We actually have a large list of canonized saints, and most of them are well known to have done amazing things. And they go ahead to do so: finding things for us, helping to heal our illnesses, and obtaining favors. They are partners who pray with us and for us.
For such intercession support, we might also count on deceased family and friends whose holiness and love helped us on our journey through life while they were alive.
Between them and us there is the not-so-important event called death. Those of us who have experienced the death of someone we love know how hard it is to let go. And if we have been with the person at the moment of death — even though we believe in faith that he or she has gone to a better place — the memory of the experience can stay for years.
In as much as death is an everyday occurrence, the Church this month places life and death before our eyes in a special way — in the feast of All Saints and the Commemoration of the Holy Souls. These days are a sober reminder that “here we have no lasting city” (Hebrews 13:14). And yet, for those who believe, death is not the end; it is a transition, the gate through which we must pass to eternal life.
Once death comes, even following a long period of suffering, its arrival is swift and leaves a feeling of deep emptiness for those who remain. It is definitely uncomfortable to face death, to cogitate about it, to discuss about it. And yet the problems for us all is to confront death in faith as an integral part of our human condition.
My friends, we believe that God has prepared great things for those who struggle to love him. One of my favorite little bits of the Bible, from 1 Corinthians, is this saying:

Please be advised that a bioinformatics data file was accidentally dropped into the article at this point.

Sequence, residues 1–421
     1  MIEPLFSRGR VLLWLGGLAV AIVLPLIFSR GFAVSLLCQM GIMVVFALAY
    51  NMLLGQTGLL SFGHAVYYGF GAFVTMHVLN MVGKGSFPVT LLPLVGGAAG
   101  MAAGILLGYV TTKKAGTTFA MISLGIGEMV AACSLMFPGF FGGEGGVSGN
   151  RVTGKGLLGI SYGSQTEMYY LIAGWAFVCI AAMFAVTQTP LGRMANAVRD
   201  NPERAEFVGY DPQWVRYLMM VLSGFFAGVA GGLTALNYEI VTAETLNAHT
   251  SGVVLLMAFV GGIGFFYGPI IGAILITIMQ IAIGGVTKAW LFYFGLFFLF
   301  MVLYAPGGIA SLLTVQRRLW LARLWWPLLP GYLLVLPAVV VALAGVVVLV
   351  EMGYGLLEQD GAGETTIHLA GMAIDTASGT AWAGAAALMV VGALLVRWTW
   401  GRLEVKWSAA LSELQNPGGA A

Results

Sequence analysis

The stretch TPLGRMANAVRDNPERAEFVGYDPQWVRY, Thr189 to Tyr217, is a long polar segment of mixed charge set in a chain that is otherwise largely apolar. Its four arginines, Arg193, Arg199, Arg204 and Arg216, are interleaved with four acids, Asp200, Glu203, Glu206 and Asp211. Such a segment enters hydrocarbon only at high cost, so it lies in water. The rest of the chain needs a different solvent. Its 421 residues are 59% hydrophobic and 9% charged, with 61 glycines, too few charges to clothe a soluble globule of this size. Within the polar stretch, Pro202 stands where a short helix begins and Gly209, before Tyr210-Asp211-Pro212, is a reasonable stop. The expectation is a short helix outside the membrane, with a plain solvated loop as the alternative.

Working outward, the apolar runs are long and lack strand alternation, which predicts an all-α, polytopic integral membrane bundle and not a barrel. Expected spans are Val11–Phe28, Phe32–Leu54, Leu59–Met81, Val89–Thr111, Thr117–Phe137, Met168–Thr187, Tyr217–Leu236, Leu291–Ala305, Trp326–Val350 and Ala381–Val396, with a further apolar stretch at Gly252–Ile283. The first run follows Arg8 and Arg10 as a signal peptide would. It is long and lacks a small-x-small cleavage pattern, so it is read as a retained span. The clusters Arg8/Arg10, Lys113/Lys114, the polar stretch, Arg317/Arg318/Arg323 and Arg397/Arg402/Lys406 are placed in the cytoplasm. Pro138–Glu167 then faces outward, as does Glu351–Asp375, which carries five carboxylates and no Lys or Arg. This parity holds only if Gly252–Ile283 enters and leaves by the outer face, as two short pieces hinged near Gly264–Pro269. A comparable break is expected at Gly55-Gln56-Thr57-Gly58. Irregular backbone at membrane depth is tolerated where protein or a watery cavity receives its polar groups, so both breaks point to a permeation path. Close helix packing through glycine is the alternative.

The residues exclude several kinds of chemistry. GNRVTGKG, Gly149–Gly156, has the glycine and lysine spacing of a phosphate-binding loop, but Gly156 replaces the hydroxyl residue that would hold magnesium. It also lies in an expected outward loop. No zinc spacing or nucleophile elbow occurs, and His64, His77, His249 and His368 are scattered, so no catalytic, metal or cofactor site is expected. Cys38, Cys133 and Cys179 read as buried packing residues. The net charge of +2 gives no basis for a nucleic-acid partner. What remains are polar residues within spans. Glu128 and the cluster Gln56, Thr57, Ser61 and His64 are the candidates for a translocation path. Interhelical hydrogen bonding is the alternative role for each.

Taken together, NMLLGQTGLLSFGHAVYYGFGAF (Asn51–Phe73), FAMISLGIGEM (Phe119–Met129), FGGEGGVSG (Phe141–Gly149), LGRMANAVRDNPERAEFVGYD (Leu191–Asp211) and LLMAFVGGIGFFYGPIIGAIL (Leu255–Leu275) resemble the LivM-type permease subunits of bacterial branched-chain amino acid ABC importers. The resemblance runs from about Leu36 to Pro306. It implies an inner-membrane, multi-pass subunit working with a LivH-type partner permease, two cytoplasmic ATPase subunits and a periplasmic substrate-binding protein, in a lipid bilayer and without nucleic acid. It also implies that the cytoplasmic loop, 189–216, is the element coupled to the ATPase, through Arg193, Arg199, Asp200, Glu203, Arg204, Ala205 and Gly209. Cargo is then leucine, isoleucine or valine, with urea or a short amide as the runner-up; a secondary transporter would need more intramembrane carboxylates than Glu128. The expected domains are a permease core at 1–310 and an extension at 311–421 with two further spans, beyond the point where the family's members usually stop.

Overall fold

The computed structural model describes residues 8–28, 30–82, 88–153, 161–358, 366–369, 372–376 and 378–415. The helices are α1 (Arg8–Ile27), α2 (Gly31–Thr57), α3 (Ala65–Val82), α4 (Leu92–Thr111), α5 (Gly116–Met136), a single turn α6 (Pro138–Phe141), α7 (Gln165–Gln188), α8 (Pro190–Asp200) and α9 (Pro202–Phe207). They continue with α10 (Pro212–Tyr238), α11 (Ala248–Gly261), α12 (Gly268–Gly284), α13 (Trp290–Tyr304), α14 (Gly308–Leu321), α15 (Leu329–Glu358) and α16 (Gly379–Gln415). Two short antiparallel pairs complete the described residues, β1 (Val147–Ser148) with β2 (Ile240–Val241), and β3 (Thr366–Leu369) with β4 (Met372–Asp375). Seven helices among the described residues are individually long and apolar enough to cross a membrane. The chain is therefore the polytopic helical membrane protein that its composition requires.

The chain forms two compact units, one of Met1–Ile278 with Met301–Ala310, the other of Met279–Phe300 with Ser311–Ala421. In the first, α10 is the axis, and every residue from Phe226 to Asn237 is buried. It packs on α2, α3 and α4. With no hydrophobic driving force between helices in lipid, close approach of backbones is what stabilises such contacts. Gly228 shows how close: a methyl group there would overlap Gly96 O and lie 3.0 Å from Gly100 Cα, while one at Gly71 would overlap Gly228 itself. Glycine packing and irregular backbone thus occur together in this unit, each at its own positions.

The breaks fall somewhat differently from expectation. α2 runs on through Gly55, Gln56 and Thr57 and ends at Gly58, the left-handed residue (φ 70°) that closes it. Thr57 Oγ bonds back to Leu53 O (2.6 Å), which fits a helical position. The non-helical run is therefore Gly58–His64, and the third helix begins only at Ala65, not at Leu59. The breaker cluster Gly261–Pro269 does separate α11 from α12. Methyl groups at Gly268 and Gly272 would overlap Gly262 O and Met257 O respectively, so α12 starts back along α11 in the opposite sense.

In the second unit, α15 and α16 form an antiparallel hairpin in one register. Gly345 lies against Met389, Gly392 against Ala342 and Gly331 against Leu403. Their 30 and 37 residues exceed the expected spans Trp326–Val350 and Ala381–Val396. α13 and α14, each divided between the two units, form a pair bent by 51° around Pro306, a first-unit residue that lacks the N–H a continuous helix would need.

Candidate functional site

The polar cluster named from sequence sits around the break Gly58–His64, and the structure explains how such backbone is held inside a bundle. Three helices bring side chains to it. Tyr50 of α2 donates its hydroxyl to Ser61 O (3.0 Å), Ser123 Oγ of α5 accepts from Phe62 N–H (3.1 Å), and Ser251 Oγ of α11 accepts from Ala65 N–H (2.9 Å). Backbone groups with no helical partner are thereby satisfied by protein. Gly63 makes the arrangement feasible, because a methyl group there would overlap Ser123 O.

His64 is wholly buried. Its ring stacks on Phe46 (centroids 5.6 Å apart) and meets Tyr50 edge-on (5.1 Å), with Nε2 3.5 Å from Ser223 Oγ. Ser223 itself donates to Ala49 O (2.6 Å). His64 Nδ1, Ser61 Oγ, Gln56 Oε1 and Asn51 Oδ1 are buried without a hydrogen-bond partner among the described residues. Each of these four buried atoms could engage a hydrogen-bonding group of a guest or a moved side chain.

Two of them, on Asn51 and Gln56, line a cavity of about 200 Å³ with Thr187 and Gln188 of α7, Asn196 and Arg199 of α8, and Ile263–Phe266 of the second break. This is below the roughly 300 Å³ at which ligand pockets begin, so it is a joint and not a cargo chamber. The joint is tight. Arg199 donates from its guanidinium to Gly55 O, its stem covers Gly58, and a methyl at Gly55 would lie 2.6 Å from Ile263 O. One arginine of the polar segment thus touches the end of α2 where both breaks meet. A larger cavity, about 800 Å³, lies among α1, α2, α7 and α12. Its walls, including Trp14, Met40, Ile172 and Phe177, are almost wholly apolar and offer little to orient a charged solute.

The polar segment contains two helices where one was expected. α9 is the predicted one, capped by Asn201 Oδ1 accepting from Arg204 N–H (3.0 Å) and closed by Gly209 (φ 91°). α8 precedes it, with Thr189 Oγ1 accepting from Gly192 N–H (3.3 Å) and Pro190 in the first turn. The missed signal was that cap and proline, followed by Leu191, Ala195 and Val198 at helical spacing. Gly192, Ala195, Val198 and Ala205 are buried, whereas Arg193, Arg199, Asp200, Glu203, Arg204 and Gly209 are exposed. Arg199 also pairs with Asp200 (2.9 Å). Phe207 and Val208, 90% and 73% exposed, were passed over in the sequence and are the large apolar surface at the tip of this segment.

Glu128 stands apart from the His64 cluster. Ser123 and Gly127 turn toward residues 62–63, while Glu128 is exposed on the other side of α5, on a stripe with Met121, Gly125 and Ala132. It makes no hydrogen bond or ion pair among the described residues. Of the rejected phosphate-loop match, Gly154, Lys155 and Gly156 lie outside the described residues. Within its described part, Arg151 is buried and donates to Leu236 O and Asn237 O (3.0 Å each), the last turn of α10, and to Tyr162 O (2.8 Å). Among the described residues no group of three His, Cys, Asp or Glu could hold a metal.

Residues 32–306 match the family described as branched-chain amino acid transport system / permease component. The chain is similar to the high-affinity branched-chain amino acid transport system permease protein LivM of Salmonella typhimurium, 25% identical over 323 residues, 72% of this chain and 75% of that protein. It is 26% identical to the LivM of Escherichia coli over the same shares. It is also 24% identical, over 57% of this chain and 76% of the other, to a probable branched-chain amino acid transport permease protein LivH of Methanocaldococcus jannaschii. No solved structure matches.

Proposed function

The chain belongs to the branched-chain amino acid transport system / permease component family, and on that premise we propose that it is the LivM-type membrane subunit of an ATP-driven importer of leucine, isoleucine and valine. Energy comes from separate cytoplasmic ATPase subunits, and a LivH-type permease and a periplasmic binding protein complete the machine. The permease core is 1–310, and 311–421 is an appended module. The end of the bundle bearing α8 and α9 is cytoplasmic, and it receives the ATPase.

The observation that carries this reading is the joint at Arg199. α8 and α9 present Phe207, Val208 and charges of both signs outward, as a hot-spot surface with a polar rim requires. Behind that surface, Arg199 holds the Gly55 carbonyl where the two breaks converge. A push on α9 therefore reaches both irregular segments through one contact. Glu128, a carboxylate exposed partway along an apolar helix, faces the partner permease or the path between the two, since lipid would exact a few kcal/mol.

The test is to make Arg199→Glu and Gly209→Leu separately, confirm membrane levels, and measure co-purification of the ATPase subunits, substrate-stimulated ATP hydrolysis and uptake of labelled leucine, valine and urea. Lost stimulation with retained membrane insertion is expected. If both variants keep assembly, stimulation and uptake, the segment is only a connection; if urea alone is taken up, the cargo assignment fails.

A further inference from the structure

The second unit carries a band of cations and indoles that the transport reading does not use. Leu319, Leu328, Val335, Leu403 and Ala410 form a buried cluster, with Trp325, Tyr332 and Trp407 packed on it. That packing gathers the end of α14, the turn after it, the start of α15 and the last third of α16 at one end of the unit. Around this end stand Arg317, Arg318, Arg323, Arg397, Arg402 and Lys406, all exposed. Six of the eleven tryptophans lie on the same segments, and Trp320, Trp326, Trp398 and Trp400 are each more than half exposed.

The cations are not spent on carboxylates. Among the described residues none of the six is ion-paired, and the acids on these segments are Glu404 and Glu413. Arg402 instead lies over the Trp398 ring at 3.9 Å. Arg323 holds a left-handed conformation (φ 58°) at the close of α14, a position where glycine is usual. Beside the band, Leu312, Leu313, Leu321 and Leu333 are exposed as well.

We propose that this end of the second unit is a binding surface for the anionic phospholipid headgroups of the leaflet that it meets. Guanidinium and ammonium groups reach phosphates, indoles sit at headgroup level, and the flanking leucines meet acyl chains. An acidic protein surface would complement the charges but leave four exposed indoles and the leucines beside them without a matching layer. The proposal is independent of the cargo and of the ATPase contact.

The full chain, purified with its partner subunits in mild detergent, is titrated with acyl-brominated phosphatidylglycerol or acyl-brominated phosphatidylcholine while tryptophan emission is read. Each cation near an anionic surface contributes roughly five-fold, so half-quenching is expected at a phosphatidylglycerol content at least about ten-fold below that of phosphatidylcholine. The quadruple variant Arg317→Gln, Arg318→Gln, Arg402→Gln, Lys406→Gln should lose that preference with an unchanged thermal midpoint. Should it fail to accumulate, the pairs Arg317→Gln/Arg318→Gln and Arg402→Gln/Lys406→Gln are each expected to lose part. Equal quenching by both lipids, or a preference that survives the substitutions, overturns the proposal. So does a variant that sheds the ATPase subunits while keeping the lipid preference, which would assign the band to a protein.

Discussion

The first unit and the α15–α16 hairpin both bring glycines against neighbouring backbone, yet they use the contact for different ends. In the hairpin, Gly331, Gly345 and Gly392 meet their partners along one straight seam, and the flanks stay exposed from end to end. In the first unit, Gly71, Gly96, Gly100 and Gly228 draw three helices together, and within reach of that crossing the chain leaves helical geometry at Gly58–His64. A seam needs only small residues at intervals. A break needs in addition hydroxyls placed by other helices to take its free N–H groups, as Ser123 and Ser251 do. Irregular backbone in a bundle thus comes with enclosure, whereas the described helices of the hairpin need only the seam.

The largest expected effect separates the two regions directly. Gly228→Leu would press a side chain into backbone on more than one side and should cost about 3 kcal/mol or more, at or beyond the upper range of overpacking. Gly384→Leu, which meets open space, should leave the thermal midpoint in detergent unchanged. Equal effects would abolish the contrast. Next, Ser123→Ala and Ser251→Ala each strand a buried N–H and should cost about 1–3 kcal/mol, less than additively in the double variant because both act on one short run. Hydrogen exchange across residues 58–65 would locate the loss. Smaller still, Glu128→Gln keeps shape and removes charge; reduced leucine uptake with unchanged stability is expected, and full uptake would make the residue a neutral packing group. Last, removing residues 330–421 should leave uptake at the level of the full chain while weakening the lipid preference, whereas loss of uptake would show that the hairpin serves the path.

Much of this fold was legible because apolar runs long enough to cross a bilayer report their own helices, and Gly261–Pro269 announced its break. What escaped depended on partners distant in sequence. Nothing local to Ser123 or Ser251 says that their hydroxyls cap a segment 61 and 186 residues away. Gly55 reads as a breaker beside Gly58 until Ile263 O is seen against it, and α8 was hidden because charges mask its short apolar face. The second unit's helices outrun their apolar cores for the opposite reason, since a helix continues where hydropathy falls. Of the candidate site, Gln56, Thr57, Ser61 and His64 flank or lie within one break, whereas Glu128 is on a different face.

What eye has not seen, and ear has not heard, and what has not entered the human heart, what God has prepared for those who love him (2:9).
To put it simply, God wants us to be saints. Saints! In Greek, the term is ἅγιοι (hagioi) and in Latin, sancti — literally, “the holy ones.” Our life’s goal is to be with the saints and be one of them in the unspeakable happiness of heaven.
You might have observed that Pope Francis, when he’s interacting with young people, often taps them on the face with his hand. It reminds us how, in days gone by, in conferring the sacrament of Confirmation, the bishop would give the one being confirmed a gentle slap on the cheek. This 13th-century ritual, which is no longer practiced, was meant to be a reminder that the struggle now begins in earnest.
Our lives (and I know I don’t need to tell you) are often a struggle, even a battle. We wage war with sickness and disappointment, with broken relationships, and certainly with personal sin. This is our exciting human and Christian struggle. This is the path of holiness.
Our goal in this life must be to become all that we were created to be so we can join the women and men, boys and girls, who right now see the glory of God. Like them, we are called to do amazing things in our lives. To be a superhero? Well, simply to respond to all our daily challenges and struggles in the way the Gospel calls us to do can be considered amazing, even heroic. With courage today and always, permit God to assist you to become all that he created you to be. Keep up the struggle. If you’re down, get up!
Be glad and proud to follow Jesus Christ, for your reward will be great … in heaven!